Retail customer complaints acrosss the demographic age groups
The heart of retail customer complaints: Failing to understand the changing demands of the generations
For generations, consumers have voiced their views about experiencing poor customer service. Whether it’s personal and professional schedules being affected by strikes, rude to poorly trained staff who cannot empathise with customers when things don’t go to plan with an order delivery or cancelled trains, you were let down with the service. To put it frankly, the brand that you thought which would deliver on your expectations did not and this will bring about negative connotations. This can have a significant impact in terms of the perception of the brand as your customers will essentially associate this incident and your brand identity as smoke and mirrors.
In fact, having a misaligned strategy which is clearly unstructured, does not encourage employees to embrace the very founding’s of the company’s existence and can unfortunately have a negative impact in how the very people who you see as your top brand advocates or evangelists culminate to try and tarnish your reputation as a business in a pack to essentially “pay” for that misalignment. This can often result in complaints on social media and staff appearing apathetic as opposed to sympathetic resulting in lower footfall or customers trying to look for an alternative solution or store elsewhere to resolve their problem.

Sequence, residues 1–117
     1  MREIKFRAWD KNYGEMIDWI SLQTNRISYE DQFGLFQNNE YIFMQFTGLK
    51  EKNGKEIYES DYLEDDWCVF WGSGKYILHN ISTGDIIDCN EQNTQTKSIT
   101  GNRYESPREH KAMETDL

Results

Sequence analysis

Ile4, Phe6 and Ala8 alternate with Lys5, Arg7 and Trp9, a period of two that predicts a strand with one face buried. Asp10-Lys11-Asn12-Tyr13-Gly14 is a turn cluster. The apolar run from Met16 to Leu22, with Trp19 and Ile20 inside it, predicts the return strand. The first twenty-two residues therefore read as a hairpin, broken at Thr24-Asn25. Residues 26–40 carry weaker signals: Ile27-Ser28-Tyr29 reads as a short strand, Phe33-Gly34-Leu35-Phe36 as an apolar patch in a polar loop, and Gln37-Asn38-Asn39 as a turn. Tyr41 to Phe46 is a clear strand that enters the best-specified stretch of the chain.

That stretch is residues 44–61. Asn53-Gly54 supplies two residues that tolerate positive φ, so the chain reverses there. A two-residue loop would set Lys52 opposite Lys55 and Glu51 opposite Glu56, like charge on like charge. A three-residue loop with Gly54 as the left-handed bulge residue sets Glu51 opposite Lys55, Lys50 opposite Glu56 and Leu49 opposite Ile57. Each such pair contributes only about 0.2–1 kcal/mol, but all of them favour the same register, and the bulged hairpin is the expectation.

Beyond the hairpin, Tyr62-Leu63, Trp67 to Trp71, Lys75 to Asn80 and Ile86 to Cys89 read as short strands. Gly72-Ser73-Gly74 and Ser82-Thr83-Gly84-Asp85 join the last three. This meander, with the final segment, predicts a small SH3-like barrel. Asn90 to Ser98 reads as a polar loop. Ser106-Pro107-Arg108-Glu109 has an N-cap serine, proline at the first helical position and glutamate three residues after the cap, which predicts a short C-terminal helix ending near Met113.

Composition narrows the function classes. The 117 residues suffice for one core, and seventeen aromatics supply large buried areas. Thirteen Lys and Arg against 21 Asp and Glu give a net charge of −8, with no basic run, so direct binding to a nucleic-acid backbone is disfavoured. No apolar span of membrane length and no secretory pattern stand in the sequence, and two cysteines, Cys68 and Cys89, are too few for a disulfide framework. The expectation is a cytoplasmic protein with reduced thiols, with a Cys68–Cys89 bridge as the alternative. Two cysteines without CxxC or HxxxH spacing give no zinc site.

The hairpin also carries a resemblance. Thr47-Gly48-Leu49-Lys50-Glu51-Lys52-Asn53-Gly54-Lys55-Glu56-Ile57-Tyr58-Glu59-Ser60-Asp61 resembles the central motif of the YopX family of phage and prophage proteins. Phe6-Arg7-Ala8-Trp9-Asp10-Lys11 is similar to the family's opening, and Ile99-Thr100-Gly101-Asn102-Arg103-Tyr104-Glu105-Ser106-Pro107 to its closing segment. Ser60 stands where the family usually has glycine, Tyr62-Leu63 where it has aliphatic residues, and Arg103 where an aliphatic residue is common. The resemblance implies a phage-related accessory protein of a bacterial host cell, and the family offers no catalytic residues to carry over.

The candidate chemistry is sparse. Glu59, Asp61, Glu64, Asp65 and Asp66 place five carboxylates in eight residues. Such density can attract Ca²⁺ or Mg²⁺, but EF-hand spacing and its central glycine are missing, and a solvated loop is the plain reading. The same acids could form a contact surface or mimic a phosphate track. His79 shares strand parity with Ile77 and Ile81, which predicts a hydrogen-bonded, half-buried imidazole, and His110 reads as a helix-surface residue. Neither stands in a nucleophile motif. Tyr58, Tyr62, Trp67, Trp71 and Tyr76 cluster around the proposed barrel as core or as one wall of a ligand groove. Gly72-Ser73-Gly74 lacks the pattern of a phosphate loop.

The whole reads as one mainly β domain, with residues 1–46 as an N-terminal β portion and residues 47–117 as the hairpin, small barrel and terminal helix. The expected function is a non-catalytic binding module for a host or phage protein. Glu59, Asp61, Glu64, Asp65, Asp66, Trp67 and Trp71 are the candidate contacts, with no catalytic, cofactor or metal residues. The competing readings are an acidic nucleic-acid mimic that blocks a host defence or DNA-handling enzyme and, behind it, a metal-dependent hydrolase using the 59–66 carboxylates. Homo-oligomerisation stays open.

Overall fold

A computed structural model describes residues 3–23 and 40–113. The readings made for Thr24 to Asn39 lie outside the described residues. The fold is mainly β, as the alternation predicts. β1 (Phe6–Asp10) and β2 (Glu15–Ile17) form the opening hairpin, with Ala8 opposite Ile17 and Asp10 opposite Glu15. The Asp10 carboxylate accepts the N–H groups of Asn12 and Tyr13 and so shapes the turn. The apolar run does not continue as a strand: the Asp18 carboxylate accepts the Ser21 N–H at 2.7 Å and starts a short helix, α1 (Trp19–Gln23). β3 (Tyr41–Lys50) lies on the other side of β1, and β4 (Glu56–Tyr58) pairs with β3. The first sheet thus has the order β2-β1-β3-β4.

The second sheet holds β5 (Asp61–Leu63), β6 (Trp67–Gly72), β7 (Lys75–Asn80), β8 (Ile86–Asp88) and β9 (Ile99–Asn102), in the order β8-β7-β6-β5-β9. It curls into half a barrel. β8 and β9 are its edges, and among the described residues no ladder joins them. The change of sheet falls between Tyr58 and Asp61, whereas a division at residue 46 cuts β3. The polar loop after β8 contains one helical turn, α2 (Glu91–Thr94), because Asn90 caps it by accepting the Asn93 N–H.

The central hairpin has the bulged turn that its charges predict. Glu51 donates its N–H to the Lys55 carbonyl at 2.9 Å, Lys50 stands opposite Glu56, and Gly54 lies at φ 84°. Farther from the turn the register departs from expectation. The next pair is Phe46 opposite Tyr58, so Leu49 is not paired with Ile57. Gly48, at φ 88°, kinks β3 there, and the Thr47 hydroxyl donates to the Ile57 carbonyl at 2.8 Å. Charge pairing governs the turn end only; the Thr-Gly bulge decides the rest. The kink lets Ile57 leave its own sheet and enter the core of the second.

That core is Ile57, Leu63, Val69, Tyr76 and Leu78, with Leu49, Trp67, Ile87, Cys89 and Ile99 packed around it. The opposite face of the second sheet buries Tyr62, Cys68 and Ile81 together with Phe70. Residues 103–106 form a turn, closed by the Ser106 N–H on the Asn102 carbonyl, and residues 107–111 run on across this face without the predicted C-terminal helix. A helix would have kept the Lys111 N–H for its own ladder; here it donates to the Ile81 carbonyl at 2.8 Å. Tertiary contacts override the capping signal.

Tolerating poor customer service
Over the last few decades, it has become an issue which has been instilled in us as part of our value systems and our cultures to tolerate. Once a customer comes to the fore to complain about a product or a service in-store, at a tube station, at a festival or in a restaurant; suddenly more people follow suit via that channel. The credibility, responsiveness and ability to be able to empathise with that particular customer or millions of customers in some cases has brought the following question to the forefront of the fourth estate – Are organisations failing to embrace the evolving requirements of the generations which have enabled them to exist?